Swift Developments is a hand-curated newsletter containing a weekly selection of the best links, videos, tools and tutorials for people interested in designing and developing their own apps using Swift.
After 9 years, the complete overhaul of the app store in iOS 11 will undoubtedly bring significant changes to the crowded and competitive app-store ecosystem but with fewer apps on the main page every day, many developers are starting to look for alternatives to the traditional app-store optimisation approach. @mada299 outlines some alternative strategies to consider.
Psychology plays a significant role in a users perception of your app. Through a better understanding of how and why a user perceives your app design in a particular way you can better understand the changes that you need to make to take your app from average to stellar. @tnsrig explains some of the not so obvious psychological principles that are at play.
In this two-part series (Part 1, Part 2), @bitwaker goes on a journey of discovery, looking at why we need application architecture, the different domains and roles involved and how we can use these concepts to organise our code and make tangible decisions within our code base.
Search on GitHub and you’ll find a wide range of JSON parsing libraries available. With the arrival of the new
Codable protocol in Swift 4, most of these libraries are obsolete as these capabilities are baked directly into the Swift language itself. @trozware explores the new Swit 4 features.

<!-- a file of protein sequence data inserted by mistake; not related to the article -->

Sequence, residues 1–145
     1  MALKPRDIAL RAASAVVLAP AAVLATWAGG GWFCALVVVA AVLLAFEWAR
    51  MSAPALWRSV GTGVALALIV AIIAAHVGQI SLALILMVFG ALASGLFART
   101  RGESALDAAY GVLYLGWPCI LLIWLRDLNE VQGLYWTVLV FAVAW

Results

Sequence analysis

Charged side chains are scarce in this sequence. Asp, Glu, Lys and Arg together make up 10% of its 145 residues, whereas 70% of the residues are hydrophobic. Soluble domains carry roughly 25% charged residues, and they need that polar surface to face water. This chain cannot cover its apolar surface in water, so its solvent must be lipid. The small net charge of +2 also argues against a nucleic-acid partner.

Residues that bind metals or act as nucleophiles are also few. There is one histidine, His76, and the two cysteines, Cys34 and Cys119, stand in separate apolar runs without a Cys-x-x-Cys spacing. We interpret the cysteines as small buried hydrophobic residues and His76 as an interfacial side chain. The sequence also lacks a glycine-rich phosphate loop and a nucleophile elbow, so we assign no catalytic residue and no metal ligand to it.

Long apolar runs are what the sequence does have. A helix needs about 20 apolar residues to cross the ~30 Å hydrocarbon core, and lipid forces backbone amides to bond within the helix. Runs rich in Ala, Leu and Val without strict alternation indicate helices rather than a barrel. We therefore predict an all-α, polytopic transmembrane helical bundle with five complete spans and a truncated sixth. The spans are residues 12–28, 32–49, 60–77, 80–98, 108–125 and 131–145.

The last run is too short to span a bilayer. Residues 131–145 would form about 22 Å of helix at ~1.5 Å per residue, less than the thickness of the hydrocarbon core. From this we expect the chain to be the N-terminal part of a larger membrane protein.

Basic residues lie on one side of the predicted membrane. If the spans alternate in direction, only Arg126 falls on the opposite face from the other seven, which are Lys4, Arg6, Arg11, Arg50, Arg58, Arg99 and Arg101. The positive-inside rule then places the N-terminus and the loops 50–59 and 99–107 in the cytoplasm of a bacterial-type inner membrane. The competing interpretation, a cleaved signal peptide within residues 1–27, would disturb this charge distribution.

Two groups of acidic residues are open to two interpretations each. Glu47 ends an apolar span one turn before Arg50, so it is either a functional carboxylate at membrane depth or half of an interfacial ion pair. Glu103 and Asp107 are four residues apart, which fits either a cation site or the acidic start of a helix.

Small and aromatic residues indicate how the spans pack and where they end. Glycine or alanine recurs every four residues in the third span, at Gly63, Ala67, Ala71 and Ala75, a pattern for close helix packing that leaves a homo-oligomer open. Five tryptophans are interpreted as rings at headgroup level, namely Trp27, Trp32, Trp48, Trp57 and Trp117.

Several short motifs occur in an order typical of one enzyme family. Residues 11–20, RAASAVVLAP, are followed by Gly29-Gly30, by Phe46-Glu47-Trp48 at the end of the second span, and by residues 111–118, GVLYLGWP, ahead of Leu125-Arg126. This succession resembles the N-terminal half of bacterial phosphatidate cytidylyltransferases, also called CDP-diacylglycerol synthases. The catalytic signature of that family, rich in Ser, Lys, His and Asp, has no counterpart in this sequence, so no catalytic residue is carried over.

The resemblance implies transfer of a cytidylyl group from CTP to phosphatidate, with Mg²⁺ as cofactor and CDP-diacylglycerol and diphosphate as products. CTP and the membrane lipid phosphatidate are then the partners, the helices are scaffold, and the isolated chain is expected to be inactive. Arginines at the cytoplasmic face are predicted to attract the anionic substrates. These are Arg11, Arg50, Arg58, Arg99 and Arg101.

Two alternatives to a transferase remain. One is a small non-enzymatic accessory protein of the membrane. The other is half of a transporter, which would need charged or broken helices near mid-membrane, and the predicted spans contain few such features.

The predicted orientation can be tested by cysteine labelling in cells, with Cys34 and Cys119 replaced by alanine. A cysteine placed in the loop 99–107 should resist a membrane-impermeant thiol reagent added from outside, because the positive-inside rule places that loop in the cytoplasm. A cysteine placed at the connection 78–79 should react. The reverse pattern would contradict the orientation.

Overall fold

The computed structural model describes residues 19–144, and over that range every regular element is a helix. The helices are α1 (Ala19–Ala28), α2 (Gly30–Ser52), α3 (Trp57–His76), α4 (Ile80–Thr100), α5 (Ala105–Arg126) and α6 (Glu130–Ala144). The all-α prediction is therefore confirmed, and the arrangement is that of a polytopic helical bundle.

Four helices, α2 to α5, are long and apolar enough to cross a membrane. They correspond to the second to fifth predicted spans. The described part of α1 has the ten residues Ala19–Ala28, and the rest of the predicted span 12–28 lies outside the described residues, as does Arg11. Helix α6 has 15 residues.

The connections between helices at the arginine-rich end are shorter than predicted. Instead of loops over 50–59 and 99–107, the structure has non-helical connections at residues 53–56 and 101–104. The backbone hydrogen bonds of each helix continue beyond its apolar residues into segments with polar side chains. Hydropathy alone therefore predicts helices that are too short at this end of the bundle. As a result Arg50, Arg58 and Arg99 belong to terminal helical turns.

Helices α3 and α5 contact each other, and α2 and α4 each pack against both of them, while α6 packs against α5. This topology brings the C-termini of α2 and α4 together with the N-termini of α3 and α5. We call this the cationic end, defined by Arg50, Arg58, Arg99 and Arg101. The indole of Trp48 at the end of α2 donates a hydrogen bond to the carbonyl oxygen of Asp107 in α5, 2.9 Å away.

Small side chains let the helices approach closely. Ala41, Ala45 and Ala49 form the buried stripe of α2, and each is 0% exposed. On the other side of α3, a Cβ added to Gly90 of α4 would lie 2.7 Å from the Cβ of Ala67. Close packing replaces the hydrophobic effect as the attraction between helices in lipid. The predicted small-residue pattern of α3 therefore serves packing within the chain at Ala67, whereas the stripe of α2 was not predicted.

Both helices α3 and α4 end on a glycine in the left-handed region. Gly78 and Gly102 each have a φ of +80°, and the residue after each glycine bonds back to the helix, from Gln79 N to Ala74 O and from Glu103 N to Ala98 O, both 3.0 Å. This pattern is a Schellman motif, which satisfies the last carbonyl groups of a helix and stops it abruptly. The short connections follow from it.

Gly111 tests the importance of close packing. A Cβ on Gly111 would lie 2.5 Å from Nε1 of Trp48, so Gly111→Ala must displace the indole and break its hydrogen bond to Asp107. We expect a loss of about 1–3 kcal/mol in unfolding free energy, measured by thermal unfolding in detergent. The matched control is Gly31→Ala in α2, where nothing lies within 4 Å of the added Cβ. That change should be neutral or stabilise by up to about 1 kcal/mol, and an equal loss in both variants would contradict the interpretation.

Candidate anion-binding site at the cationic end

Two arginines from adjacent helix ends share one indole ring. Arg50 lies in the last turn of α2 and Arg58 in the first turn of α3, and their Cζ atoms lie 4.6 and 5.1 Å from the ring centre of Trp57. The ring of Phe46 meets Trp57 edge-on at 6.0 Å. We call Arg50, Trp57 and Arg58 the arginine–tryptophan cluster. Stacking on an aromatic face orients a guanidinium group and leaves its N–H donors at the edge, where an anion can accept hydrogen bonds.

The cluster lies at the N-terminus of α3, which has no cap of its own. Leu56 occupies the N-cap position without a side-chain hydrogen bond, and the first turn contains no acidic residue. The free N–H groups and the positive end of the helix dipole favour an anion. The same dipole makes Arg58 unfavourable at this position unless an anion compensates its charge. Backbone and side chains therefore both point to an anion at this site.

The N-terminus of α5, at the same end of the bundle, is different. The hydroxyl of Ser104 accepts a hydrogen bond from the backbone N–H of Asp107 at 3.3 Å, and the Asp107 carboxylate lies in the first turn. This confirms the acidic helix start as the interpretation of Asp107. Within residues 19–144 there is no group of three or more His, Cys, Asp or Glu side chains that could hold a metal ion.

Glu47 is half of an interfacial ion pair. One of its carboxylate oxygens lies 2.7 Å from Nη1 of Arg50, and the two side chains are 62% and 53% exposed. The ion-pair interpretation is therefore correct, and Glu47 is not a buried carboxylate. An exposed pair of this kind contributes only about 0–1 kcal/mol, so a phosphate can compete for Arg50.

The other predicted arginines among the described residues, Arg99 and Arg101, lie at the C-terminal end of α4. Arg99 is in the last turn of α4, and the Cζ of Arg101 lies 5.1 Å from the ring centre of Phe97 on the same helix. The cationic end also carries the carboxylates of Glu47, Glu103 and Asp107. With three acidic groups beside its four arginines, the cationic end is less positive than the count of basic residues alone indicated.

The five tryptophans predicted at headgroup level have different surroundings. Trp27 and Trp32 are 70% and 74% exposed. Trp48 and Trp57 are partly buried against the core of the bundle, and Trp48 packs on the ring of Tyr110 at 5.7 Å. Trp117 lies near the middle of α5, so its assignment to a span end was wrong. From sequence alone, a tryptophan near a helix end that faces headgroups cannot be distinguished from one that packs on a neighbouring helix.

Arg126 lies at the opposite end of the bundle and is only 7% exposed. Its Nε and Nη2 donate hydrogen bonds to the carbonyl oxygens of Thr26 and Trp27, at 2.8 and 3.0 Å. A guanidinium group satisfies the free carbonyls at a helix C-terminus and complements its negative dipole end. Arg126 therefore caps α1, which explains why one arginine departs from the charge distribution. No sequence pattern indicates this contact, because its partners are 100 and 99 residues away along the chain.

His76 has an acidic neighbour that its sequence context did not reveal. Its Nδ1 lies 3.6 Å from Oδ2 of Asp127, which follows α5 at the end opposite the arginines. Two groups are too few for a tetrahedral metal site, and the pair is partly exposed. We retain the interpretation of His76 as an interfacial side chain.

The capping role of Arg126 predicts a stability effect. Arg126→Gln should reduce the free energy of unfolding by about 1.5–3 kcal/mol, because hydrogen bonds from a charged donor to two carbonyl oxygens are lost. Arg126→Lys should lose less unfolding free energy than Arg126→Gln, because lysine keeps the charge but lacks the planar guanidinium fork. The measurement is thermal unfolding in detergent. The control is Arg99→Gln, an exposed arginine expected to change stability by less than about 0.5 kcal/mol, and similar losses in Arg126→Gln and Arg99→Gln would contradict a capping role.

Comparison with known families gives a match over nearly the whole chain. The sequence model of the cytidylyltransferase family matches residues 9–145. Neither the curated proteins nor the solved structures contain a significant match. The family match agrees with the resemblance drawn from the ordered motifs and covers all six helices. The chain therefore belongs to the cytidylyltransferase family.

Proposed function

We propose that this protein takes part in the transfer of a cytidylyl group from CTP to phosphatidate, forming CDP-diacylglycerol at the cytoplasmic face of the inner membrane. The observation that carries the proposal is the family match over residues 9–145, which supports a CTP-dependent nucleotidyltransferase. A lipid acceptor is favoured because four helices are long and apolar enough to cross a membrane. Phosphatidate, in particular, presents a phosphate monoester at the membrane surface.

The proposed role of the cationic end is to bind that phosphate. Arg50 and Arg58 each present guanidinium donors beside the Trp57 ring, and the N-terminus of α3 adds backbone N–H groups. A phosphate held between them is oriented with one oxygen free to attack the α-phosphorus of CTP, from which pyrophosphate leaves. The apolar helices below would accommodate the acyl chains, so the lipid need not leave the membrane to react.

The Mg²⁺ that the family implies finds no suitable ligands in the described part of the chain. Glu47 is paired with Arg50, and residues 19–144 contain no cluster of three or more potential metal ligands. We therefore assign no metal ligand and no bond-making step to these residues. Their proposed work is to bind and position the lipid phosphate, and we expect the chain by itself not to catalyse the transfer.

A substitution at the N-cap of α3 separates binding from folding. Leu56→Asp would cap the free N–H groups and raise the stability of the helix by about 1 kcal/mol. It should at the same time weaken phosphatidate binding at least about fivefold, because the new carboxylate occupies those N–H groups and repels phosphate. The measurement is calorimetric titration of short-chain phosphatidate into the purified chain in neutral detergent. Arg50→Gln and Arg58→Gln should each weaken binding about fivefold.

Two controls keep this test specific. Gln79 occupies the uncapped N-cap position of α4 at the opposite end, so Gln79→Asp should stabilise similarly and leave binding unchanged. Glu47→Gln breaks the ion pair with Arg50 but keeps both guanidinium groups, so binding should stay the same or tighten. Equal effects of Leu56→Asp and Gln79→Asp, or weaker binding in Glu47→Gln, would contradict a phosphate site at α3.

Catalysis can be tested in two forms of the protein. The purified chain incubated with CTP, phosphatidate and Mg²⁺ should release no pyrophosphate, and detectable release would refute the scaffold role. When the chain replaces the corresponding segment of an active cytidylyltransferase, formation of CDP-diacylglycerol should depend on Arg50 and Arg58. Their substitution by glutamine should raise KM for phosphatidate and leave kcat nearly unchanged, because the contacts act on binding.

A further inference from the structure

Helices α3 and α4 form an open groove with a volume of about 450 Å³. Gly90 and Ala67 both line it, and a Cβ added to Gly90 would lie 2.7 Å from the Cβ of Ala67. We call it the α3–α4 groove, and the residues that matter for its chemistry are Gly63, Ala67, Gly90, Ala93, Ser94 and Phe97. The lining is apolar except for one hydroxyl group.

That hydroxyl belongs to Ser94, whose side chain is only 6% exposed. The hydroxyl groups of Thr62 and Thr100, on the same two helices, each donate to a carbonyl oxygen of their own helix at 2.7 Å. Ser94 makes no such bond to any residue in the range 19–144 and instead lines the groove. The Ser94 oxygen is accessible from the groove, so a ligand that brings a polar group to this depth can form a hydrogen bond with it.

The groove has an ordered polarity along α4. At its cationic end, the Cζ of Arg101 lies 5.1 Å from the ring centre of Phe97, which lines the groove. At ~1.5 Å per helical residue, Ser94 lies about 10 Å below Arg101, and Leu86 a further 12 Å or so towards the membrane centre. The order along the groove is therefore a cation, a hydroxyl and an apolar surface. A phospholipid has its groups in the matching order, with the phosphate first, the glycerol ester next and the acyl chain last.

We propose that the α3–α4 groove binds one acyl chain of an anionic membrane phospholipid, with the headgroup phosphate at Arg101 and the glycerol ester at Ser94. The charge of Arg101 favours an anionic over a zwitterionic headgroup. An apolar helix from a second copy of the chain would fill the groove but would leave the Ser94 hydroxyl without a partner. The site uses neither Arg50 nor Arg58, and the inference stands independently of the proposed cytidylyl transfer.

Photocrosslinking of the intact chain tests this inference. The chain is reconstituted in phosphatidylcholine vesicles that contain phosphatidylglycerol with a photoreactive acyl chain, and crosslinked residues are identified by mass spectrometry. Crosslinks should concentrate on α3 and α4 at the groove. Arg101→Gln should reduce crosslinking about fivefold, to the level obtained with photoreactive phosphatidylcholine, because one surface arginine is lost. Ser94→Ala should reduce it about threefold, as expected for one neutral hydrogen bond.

However you look at it, app sizes are growing with many apps well over Apple’s 100MB cellular download limit. However, bandwidth is not an infinite resource and there are lots of things you can do to reduce the size of your app download without negatively effecting the user experience. @sandofsky shares some of the techniques he and his colleagues employed during the development and release of their latest app – Halide – an app that has been complemented for it’s small download size.
I’ve mentioned Fastlane a number of times in previous issues but this week has seen the capabilities of this extremely useful toolset expand even further with the addition of fastlane precheck a new addition to review your app for common causes of rejection prior to submission. Looks super useful.
The transition from app design to implementation is never a precise one and it’s easy for slight differences to sneak into your final implementation. To help identify these differences and help you maintain pixel-perfect implementations there’s Flawless, a new tool from the team at @flawlessappio that lets you perform real-time pixel-by-pixel comparisons of the expected design and the final implementation.
If you’ve done any sort of iOS development you will no doubt be familiar with the iOS simulator – but are you as familiar as you thought? The iOS smiulator has a useful companion – the
simctl tool – that lets you control the simulator from the command line and lets you stitch together some powerful workflows. @JordanMorgan10 takes a look.
Metron by @toineheuvelmans is a comprehensive collection of Swift geometric functions and types that enhance and extend the 2D geometric primitives provided within the Core Graphics framework.
Crank up your animation mojo with this nice little demo app from @jegumhon which shows you you how to add weather effects such as rain, snow, lightening and dust into your UIViews. Break out your weather gear!
Using UICollectionView under the hood, ScrollableDatePicker is a horizontally scrolling date picker by @dmitry_ivanenko. Looks good.
With WWDC and AltConf on at the same time, it’s almost impossible to keep up with all the great talks that are available. The good news is that the team at @realm have put together a nice summary of their live-streamed talks from AltConf as well as interviews with some of the developers visiting San Jose for the week.